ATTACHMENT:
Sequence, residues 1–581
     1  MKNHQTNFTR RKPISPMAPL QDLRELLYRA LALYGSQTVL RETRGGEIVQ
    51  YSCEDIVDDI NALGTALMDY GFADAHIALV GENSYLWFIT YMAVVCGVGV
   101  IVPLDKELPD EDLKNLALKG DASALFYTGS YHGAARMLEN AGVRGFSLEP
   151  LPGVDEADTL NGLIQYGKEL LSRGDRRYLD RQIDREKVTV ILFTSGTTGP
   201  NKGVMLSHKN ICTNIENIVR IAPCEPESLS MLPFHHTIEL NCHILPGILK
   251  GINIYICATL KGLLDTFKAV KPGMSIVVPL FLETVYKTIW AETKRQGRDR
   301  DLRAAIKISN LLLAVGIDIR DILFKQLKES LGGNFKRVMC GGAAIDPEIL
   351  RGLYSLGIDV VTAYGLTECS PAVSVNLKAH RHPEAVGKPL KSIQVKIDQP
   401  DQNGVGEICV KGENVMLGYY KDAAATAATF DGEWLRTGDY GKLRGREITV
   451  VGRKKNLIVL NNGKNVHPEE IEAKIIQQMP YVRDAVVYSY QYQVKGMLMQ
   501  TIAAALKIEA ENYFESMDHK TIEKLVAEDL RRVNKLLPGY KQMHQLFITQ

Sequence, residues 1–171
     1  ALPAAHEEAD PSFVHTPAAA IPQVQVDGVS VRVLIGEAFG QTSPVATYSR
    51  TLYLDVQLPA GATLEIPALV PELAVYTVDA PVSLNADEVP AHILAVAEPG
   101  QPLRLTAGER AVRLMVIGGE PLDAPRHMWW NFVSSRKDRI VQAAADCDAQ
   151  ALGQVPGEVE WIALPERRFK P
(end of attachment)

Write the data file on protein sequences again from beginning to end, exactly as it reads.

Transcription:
Sequence, residues 1–581
     1  MKNHQTNFTR RKPISPMAPL QDLRELLYRA LALYGSQTVL RETRGGEIVQ
    51  YSCEDIVDDI NALGTALMDY GFADAHIALV GENSYLWFIT YMAVVCGVGV
   101  IVPLDKELPD EDLKNLALKG DASALFYTGS YHGAARMLEN AGVRGFSLEP
   151  LPGVDEADTL NGLIQYGKEL LSRGDRRYLD RQIDREKVTV ILFTSGTTGP
   201  NKGVMLSHKN ICTNIENIVR IAPCEPESLS MLPFHHTIEL NCHILPGILK
   251  GINIYICATL KGLLDTFKAV KPGMSIVVPL FLETVYKTIW AETKRQGRDR
   301  DLRAAIKISN LLLAVGIDIR DILFKQLKES LGGNFKRVMC GGAAIDPEIL
   351  RGLYSLGIDV VTAYGLTECS PAVSVNLKAH RHPEAVGKPL KSIQVKIDQP
   401  DQNGVGEICV KGENVMLGYY KDAAATAATF DGEWLRTGDY GKLRGREITV
   451  VGRKKNLIVL NNGKNVHPEE IEAKIIQQMP YVRDAVVYSY QYQVKGMLMQ
   501  TIAAALKIEA ENYFESMDHK TIEKLVAEDL RRVNKLLPGY KQMHQLFITQ

Sequence, residues 1–171
     1  ALPAAHEEAD PSFVHTPAAA IPQVQVDGVS VRVLIGEAFG QTSPVATYSR
    51  TLYLDVQLPA GATLEIPALV PELAVYTVDA PVSLNADEVP AHILAVAEPG
   101  QPLRLTAGER AVRLMVIGGE PLDAPRHMWW NFVSSRKDRI VQAAADCDAQ
   151  ALGQVPGEVE WIALPERRFK P